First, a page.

(We present Andy Synn‘s review of the latest album by the Italian band Void of Silence, which was released earlier this year by Avantgarde Music.)
I’ve had Italian Post/Doom Metallers Void of Silence lined up for an edition of The Synn Report for quite a while now, as it’s long felt to me like their signature combination of titanic riffs, symphonic keys, riveting vocal melodies, and ambient industrial embellishments, has the potential to really speak to a significant segment of our readership.
However a few different factors have all combined to the point where it simply made more sense to (finally) review their new album (their first after a lengthy, eight-year-long, hiatus) in isolation, particularly since, in my humble opinion at least, it’s one of the very best records of 2018.
The solemn slow-burn of “The Void Beyond” makes for a truly challenging, yet utterly captivating opener, by turns utterly haunting and oppressively crushing, which builds and builds, slowly but surely, through several minutes of swirling keys and echoing ambience into a wall of dense, vibrating guitar strings, steady, pulsing percussion, and scintillating synthesised symphonics, all topped off by the eloquent, evocative clean vocals of new singer Luca Soi, whose soulful voice soars high above the bleak and brooding soundscapes conjured by his bandmates on wings of stirring, sorrow-stricken melody.
At a little over sixteen minutes in length it’s certainly an ambitious opening statement, but once it has its hooks in you it becomes practically impossible to do anything other than sink into a rapt and hypnotised trance until the very end.
The teasing melodic interlude of “Abeona” allows for a few moments of rest, the trio (completed by guitarist/bassist Ivan Zara and drummer/keyboardist Riccardo Conforti) clearly aware of the physical and emotional toll which the opening track may well have taken on their audience, before the title-track once more immerses the listener in a dreamlike, doom-laden array of sombre, shuddering chords and heart-rending melodies, all interwoven and layered atop one another in an ever more complex and compelling pattern, to the point where attempting to pick the song apart piece by piece becomes an exercise in futility, and the only reasonable way of absorbing and understanding it is simply to let it wash over you and to drink it in its entirety.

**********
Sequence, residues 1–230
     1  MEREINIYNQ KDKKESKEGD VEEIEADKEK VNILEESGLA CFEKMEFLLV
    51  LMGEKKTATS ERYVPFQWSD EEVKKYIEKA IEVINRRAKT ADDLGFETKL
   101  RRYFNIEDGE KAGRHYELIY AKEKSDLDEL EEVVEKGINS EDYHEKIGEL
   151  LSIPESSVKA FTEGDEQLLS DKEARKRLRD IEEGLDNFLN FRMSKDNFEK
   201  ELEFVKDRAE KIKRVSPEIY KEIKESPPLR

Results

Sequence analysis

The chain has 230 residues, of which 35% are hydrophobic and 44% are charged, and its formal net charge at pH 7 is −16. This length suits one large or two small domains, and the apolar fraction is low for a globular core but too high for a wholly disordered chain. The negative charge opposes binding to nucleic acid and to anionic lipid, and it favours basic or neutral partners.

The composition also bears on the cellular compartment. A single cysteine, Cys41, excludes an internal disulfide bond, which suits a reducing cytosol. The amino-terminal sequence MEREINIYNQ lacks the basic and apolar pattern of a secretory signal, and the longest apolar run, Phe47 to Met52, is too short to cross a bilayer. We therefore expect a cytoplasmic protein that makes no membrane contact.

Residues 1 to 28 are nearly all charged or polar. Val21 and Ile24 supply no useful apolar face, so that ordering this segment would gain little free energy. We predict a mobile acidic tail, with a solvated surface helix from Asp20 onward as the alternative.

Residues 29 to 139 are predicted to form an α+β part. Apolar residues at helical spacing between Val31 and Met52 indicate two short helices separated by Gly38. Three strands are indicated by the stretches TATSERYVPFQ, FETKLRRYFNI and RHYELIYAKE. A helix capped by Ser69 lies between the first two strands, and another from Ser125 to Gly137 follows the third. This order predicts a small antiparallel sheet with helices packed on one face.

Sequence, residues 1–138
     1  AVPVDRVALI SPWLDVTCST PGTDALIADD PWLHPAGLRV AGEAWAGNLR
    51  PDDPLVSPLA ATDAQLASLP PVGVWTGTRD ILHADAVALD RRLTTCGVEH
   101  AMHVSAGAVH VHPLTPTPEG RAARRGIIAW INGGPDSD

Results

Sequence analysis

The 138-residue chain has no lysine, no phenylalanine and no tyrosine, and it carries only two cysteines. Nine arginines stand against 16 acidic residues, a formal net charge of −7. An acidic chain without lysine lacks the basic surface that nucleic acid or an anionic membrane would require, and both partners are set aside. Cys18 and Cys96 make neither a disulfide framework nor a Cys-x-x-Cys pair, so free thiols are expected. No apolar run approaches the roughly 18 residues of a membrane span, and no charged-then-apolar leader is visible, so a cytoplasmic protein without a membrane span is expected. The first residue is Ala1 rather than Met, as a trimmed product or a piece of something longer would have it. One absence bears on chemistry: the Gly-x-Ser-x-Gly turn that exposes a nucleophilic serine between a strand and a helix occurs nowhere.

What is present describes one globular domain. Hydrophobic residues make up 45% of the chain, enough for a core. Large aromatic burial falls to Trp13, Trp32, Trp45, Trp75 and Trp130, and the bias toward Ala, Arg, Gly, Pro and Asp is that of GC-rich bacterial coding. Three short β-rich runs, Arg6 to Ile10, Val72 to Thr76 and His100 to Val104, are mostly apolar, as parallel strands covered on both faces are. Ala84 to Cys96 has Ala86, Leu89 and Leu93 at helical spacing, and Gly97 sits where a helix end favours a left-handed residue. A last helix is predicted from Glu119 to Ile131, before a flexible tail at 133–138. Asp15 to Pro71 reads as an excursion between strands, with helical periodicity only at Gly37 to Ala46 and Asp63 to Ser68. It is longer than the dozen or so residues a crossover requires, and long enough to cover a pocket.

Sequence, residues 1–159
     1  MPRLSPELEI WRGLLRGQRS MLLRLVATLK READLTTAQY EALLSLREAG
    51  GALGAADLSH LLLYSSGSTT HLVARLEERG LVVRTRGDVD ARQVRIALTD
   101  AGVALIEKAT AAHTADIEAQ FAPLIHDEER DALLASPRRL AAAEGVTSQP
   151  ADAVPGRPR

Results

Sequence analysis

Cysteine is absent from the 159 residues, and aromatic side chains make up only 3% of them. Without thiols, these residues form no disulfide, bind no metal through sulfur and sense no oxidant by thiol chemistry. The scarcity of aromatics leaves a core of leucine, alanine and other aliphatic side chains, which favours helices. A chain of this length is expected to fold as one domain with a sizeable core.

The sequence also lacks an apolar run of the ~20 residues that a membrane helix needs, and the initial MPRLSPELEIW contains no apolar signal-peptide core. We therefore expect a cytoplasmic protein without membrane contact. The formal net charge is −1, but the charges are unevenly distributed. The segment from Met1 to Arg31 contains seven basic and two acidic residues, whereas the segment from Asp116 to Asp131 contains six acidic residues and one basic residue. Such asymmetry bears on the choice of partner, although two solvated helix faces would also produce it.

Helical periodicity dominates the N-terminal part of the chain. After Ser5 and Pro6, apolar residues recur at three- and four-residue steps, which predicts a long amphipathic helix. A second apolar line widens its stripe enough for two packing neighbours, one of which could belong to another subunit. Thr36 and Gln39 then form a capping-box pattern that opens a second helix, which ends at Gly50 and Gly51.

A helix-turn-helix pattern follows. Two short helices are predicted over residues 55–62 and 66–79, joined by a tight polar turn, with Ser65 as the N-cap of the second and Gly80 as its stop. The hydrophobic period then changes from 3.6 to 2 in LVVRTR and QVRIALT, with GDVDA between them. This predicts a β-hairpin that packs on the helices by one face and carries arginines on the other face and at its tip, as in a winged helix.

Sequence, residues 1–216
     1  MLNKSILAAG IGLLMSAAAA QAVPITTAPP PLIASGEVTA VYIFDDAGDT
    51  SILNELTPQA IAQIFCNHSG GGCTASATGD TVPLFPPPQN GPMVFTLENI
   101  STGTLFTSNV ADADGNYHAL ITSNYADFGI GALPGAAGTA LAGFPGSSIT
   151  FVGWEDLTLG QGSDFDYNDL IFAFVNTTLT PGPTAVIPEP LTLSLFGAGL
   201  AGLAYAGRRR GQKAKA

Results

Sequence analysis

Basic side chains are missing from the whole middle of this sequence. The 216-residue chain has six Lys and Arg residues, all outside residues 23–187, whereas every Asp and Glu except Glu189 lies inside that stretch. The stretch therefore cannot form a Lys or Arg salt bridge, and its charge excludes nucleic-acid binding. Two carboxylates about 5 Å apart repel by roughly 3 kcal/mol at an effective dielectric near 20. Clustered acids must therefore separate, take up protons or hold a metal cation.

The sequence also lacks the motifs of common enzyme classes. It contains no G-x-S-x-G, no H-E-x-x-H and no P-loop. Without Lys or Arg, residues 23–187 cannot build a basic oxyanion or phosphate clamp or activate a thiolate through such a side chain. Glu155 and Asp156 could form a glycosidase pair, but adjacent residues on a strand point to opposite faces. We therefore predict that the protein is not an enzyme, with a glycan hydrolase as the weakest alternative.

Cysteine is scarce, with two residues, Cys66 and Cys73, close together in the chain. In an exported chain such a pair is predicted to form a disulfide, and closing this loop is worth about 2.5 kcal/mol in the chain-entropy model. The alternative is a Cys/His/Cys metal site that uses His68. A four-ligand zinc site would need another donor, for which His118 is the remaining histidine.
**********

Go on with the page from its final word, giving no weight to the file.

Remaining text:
Once again the band follow up this epic endeavour with a shorter, less extravagant, piece, in this case the darkly meditative “Adeona”, which allows for a period of – if not necessarily rest this time around – reflection upon what has been experienced so far.
And, once again, it’s a smart structural choice, ensuring that the more monolithic musical statements which comprise the meat and the marrow of the album are given the requisite amount of space and separation to breathe on their own, all without betraying the interlinked narrative which ties the record together.
“Farthest Shores” is just as spellbinding, if not more so, than its similarly epic predecessors, the mix of moody clean guitar work and spectral keyboard melodies in the song’s intro providing a near perfect blend of the organic and the artificial, while the ebb and flow of doomy distortion, piercing leads, and strummed acoustic melody, which makes up the rest of the track paints a truly vivid and vibrant picture of gleaming light and gloomy shade, where every subsequent listen seems to reveal something new.
Concluding with the atmospheric instrumental arrangement of “White Light Horizon”, whose soothing waves of aching ambience and mournful melody serve as the contemplative calm after the storm, The Sky Over ultimately proves itself to be not only a triumphant comeback (and a more than worthy new entry in the band’s engrossing discography) but also one of the most majestic, most melancholy, and most multi-faceted, albums of 2018.